Direct oxidation fuel cell systems may be better suited for a number of applications in smaller mobile devices (e.g., mobile phones, handheld and laptop computers), as well as in some larger scale applications. In fuel cells of interest here, a carbonaceous liquid fuel in an aqueous solution (typically aqueous methanol) is applied to the anode face of a membrane electrode assembly (MEA). The MEA contains a protonically conductive, but electronically non-conductive membrane (PCM). Typically, a catalyst, which enables direct oxidation of the fuel on the anode aspect of the PCM, is disposed on the surface of the PCM (or is otherwise present in the anode chamber of the fuel cell). In the fuel oxidation process at the anode, the products are protons, electrons and carbon dioxide. Protons (from hydrogen in the fuel and water molecules involved in the anodic reaction) are separated from the electrons. The protons migrate through the PCM, which is impermeable to the electrons. The electrons travel through an external circuit, which includes the load, and are united with the protons and oxygen molecules in the cathodic reaction, thus providing electrical power from the fuel cell.
One example of a direct oxidation fuel cell system is a direct methanol fuel cell system or DMFC system. In a DMFC system, a mixture comprised predominantly of methanol and water is used as fuel (the “fuel mixture”), and oxygen, preferably from ambient air, is used as the oxidizing agent. The fundamental reactions are the anodic oxidation of the methanol and water in the fuel mixture into CO2, protons, and electrons; and the cathodic combination of protons, electrons and oxygen into water. The overall reaction may be limited by the failure of either of these reactions to proceed at an acceptable rate (more specifically, slow oxidation of the fuel mixture will limit the cathodic generation of water, and vice versa).
Direct methanol fuel cells are being developed towards commercial production for use in portable electronic devices. Thus, the DMFC system, including the fuel cell and the other components should be fabricated using materials and processes that are not only compatible with appropriate form factors, but which are also cost effective. Furthermore, the manufacturing process associated with a given system should not be prohibitive in terms of associated labor or manufacturing cost or difficulty.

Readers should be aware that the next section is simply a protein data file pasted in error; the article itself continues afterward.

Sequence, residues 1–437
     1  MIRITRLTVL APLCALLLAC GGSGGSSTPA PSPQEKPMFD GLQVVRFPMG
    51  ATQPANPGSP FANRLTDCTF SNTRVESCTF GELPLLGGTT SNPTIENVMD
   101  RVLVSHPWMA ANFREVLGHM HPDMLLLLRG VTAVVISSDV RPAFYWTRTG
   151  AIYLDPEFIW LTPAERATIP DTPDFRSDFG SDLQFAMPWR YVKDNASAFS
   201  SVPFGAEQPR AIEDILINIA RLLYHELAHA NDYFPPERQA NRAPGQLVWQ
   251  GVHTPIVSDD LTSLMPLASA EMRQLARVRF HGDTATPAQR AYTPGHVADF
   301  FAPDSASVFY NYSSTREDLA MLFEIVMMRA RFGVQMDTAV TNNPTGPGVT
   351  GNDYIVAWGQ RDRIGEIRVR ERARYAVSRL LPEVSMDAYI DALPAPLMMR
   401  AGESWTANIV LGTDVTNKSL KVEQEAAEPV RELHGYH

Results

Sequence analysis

Typical DMFC systems include a fuel source, fluid and effluent management and air management systems, and a direct oxidation fuel cell (“fuel cell”). The fuel cell typically consists of a housing, hardware for current collection and fuel and air distribution, and a membrane electrode assembly (“MEA”) disposed within the housing.
A typical MEA includes a centrally disposed, protonically conductive, electronically non-conductive membrane (“PCM”). One example of a commercially available PCM is NAFION® a registered trademark of E.I. Dupont de Nemours and Company, a cation exchange membrane comprised of polyperflourosulfonic acid, in a variety of thicknesses and equivalent weights. The PCM is typically coated on each face with an electrocatalyst such as platinum, or platinum/ruthenium mixtures or alloy particles. On either face of the catalyst coated PCM, the electrode assembly typically includes a diffusion layer. The diffusion layer on the anode side is employed to evenly distribute the liquid fuel mixture across the anode face of the PCM, while allowing the gaseous product of the reaction, typically carbon dioxide, to move away from the anode face of the PCM. In the case of the cathode side, a diffusion layer is used to achieve a fast supply and even distribution of gaseous oxygen across the cathode face of the PCM, while minimizing or eliminating the collection of liquid, typically water, on the cathode aspect of the PCM. Each of the anode and cathode diffusion layers also assist in the collection and conduction of electric current from the catalyzed PCM.